Musgamagw Tsawataineuk Oppose Central Coast Land Resource Management Plan and Boycott 2010

Posted by admin on Feb 6th, 2006

For Immediate Release. February 6, 2006

The combined Territories of the Four Tribes make up a significant portion of the proposed Central Coast Land and Resource Management Plan (CCLRMP) area and also the Broughton Archipelago is shared exclusively by the Four Tribes. We have our own distinct relationship and attachment with our lands and waters within our territory like many distinct First Nations in the Province; we are determined to protect our values and traditional teachings, which sustain our mother earth and our way of life.

We know our situation is different from other First Nations who have participated in these provincial stakeholder processes. We actually live in our home country and depend on our environment and enjoy our resources, as we have for thousands of years and we have not moved from or been removed from our homelands despite the isolation, danger,
difficulty of travel, cost of living and all the other detractions of today’s society. It is this isolation, which has protected us from our enemies, and restrained the loss of our culture and preserved our attachment to our lands and resources.

The Tsawataineuk First Nation explored the CCLRMP process, it requested additional funding, above what other First Nations were offered to participate, because the Tsawataineuk First Nation was the only nation who was not funded by other processes such as the BC Treaty Commission process nor did the Tsawataineuk sign a *Forest and Range Agreement, therefore we did not have the same resources, especially the technical capacity to meaningfully participate and make informed decisions.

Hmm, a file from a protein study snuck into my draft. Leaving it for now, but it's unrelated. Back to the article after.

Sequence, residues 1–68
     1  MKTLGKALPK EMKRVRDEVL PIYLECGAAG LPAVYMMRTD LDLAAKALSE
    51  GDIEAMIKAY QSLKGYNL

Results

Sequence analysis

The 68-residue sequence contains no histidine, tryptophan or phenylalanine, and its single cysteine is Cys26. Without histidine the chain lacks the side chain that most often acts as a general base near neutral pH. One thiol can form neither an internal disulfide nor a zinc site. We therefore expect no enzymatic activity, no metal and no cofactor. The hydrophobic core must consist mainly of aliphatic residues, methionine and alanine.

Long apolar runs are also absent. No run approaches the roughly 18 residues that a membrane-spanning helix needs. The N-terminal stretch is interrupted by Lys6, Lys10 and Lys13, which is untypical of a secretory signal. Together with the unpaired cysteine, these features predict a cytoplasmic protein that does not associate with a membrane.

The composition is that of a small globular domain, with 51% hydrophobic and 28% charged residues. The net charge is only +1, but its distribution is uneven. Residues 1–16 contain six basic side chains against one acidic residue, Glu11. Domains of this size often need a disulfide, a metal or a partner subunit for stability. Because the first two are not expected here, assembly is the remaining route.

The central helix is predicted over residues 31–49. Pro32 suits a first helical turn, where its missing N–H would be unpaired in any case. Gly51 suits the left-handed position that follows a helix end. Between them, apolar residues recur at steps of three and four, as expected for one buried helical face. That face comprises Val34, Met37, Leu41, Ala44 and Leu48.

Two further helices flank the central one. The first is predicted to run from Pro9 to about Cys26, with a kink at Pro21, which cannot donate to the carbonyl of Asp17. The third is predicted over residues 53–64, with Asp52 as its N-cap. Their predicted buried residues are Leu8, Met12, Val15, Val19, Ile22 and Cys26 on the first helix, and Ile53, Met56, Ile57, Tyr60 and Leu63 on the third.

There are many First Nations who chose not to participate in the Land Resource Management Plan (LRMP) process for their own reasons and we respect that. There are First Nations such as the Statlimc Chiefs Council who have agreed to their own process, outside the Lillooet LRMP, based on a government-to-government relationship consistent with the New Relationship Agreement.

Last year our people were compelled to demonstrate and protect a sacred place called Holden Creek (Wasilas), where our members stopped International Forest Products from blasting a road through an old growth cedar stand, as cedar and other resources remains valuable to us, and is no longer abundant.

Our Tribal Council passed a resolution to boycott the 2010 Olympics as a result of our environmental concerns and the impacts to our marine resources. These decisions do not come without reason other then the protection of distinct values to the indigenous.

Although the BC Government has realized decades of denial of our Title and Rights has not worked and has entered into a New Relationship, the Government must acknowledge the need for a new approach to resolving and reconciling conflicts over land issues. The unselfish principles of the New Relationship need to be enacted if there is to be true economic certainty and a golden decade for all.

We have formally asked that the BC Government remove our Territories from the CCLRMP map and cease all discussions of any areas in our territory. We expect that this announcement does not refer to our Territories, as we believe that adequate and meaningful consultation has not occurred.

In November 2005, our Four Tribes sent out an Official Notification in regard to this process and again we are publicly stating any Land Resource Management Plan that conflicts, competes, or disregards our own Land Use Vision without direct consultations and proper protocol is an infringement of our Title and Rights.

We understand an Agreement-In-Principle is not the final agreement, nor legally binding. We hope that final agreements will be derived in the spirit and intent of the New Relationship.

We have stated our position for two years, prior to the Supreme Court of Canada’s historic Haida and Taku River Tlingit decisions and prior to the  New Relationship. We continue to feel strongly and necessary to keep old policies in check, such as BC’s Consultation Policy, until transformative change occurs and old policy and attitudes cease desist. We hope, before 2010, that this will be the case.

Eric Joseph, TFN Chairman
(250) 974-3013

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